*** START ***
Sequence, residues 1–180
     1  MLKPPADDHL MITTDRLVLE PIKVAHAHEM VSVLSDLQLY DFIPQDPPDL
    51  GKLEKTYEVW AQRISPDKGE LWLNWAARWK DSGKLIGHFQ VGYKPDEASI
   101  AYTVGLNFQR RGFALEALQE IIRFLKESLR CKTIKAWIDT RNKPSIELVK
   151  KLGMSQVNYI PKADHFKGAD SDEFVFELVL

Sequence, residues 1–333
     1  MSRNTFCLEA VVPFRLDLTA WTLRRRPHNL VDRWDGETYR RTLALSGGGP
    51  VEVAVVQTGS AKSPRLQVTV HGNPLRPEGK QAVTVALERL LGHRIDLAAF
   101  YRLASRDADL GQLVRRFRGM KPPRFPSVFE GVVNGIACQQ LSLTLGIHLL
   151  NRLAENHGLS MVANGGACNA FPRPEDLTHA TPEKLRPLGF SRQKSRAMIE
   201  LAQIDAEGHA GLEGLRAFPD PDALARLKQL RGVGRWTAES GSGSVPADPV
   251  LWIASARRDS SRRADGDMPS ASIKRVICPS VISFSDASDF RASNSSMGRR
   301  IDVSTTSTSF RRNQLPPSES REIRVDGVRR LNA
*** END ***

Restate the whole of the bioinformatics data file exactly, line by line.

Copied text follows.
Sequence, residues 1–180
     1  MLKPPADDHL MITTDRLVLE PIKVAHAHEM VSVLSDLQLY DFIPQDPPDL
    51  GKLEKTYEVW AQRISPDKGE LWLNWAARWK DSGKLIGHFQ VGYKPDEASI
   101  AYTVGLNFQR RGFALEALQE IIRFLKESLR CKTIKAWIDT RNKPSIELVK
   151  KLGMSQVNYI PKADHFKGAD SDEFVFELVL

Sequence, residues 1–333
     1  MSRNTFCLEA VVPFRLDLTA WTLRRRPHNL VDRWDGETYR RTLALSGGGP
    51  VEVAVVQTGS AKSPRLQVTV HGNPLRPEGK QAVTVALERL LGHRIDLAAF
   101  YRLASRDADL GQLVRRFRGM KPPRFPSVFE GVVNGIACQQ LSLTLGIHLL
   151  NRLAENHGLS MVANGGACNA FPRPEDLTHA TPEKLRPLGF SRQKSRAMIE
   201  LAQIDAEGHA GLEGLRAFPD PDALARLKQL RGVGRWTAES GSGSVPADPV
   251  LWIASARRDS SRRADGDMPS ASIKRVICPS VISFSDASDF RASNSSMGRR
   301  IDVSTTSTSF RRNQLPPSES REIRVDGVRR LNA